Florida Governor Ron DeSantis signed a bill in March that will put wide-ranging restrictions on minors’ access to social media when it goes into effect next year.

The freshly signed bill is the latest in a growing list of state-level attempts to restrict, regulate, or rein in social media platforms. Similar measures have failed in several state legislatures, but bills have made it all the way to the governors’ desks in states like Utah, Texas, Arkansas, and Ohio — albeit with varying levels of success and legal challenges.

The Law

The law (HB3) primarily targets minors under the age of 16 and the social media platforms they wish to use. Children under the age of 14 will be banned from social media altogether, essentially formalizing and adding one year to the age restriction policies most social media platforms already have in place. Minors who are 14 or 15 will be able to use social media, but only if they receive explicit parental permission to do so.

Most of the onus of enforcing the new law falls on the social media platforms themselves. HB3 requires all qualifying platforms to terminate all accounts held by kids younger than 14 after giving them 90 days to dispute the termination. The same will happen to account holders who are 14 or 15 and do not have permission from their parents or guardians, including “… accounts that the social media platform treats or categorizes as belonging to an account holder who is likely 14 or 15 years of age for purposes of targeting content or advertising.”

In other words, social media platforms will be expected to do more than just filter for every profile that lists its age as 14 or 15, they have to use all that wonderful targeting data to identify people who are probably that age as well.

If the platforms don’t find and terminate all the profiles, account holders aged 15 or under and their parents or guardians will also be allowed to ask to terminate their accounts, with the social media platforms having 5 and 10 business days to complete the request, respectively.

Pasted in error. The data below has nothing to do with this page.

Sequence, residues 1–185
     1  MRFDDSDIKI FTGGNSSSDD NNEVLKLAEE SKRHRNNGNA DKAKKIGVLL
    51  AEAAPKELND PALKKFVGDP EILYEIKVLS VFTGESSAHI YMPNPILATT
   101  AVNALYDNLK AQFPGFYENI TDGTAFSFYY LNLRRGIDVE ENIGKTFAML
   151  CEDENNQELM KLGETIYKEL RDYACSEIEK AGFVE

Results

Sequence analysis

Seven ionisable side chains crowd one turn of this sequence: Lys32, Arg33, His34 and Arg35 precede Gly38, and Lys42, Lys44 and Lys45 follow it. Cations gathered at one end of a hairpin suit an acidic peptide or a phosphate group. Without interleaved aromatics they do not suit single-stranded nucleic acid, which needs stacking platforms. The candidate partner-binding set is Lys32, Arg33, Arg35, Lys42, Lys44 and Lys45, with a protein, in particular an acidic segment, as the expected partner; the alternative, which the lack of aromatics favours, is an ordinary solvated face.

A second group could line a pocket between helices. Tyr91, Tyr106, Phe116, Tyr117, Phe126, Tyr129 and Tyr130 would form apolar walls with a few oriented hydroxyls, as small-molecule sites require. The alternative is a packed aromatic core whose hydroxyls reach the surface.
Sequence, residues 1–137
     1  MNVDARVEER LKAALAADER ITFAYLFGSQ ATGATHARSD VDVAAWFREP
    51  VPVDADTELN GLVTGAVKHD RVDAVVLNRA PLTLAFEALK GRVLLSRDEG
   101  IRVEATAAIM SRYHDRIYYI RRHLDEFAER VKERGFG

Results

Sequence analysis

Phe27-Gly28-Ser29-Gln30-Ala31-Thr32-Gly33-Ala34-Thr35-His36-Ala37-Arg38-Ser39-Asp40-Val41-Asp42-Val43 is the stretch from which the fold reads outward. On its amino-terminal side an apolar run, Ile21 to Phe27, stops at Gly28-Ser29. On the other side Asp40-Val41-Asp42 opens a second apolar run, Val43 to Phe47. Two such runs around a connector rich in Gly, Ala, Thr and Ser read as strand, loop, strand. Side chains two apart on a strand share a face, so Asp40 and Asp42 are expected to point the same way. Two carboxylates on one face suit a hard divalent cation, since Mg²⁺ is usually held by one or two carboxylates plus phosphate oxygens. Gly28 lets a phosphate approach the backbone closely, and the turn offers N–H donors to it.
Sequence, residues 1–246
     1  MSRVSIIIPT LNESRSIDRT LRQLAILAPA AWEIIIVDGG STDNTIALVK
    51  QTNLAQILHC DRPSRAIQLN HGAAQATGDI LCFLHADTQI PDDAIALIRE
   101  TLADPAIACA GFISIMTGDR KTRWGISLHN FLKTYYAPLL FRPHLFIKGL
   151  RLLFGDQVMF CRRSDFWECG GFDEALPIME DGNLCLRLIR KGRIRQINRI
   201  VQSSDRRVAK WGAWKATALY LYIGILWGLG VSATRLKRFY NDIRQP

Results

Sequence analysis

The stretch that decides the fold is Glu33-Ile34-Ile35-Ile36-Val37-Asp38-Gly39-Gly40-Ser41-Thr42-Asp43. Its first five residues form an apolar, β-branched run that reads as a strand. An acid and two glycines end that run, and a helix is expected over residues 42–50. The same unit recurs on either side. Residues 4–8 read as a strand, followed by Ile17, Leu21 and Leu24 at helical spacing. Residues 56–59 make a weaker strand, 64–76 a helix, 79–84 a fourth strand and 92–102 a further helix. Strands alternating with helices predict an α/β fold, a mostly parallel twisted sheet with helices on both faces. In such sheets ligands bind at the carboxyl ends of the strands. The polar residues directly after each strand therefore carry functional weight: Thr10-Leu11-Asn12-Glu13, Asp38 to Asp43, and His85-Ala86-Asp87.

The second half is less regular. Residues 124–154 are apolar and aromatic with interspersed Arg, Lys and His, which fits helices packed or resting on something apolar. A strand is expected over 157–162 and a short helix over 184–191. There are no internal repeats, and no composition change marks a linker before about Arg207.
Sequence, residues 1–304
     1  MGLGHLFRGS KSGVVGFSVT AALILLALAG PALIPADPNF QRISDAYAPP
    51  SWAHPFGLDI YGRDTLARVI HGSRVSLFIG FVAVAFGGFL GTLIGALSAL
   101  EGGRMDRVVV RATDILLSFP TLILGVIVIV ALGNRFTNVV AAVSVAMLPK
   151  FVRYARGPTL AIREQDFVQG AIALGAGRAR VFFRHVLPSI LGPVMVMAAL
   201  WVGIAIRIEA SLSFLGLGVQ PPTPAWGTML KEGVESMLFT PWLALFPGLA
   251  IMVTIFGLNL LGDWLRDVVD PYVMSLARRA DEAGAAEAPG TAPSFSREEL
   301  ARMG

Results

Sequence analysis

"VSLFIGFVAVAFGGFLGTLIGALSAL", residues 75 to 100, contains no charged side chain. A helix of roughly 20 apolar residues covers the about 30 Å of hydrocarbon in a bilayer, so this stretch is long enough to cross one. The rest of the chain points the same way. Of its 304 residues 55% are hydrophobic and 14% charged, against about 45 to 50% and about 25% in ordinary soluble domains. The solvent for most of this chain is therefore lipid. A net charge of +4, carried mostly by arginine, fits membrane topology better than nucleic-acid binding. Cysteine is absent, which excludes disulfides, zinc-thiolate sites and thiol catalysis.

The Punishment

Platforms that “knowingly or recklessly” violate these restrictions and fail to delete every bit of data they have on users in Florida under the age of 15 may be subject to stiff penalties. If the platforms fail to follow the law to the state’s satisfaction, Florida can collect civil penalties of up to $50,000 per violation, plus any associated costs and fees. The law also establishes a process by which users and their parents or guardians can sue social media platforms if and be awarded up to $10,000 in damages per account.

Which Social Media Platforms Are Affected?

Rather than name any individual service, the law lays out a set of criteria to determine whether any given platform will be subject to the new requirements. To be considered a social media platform under the law, a website, forum, or application must:

  • Allow users to upload content and view others’ content.
  • Have at least 10% of its users who are under the age of 16 spend 2 or more hours a day on the service.
  • Use algorithms to curate content for users based on their personal data.
  • Have at least one of these features:
    • Infinite scrolling.
    • Push notifications.
    • Personal interactive metrics (Likes, Upvotes, Replays, etc)
    • Auto-playing videos.
    • Live-streaming or broadcasting.

I’ll Livestream You in Court

HB3 shares several similarities with policies like Arkansas’ Social Media Safety Act and Utah’s Social Media Regulation Act. Arkansas’ law has already been challenged in court, and Utah’s is expected to be soon. Critics of Arkansas and Utah’s policies argue that they discourage free speech and undermine privacy rights, and there’s little reason to believe HB3 will escape similar scrutiny.

Research suggests that social media can be damaging to users’ mental health. Studies show a link between heavy social media use and depression, anxiety, loneliness, self-harm, and even suicidal thoughts in some cases – and that the effects are particularly pronounced among children and young adults. There is a clear case to be made in favor of restricting children’s access to social media. Maybe HB3’s approach will work, or maybe they’ll have to go back to the drawing board. Only time will tell.

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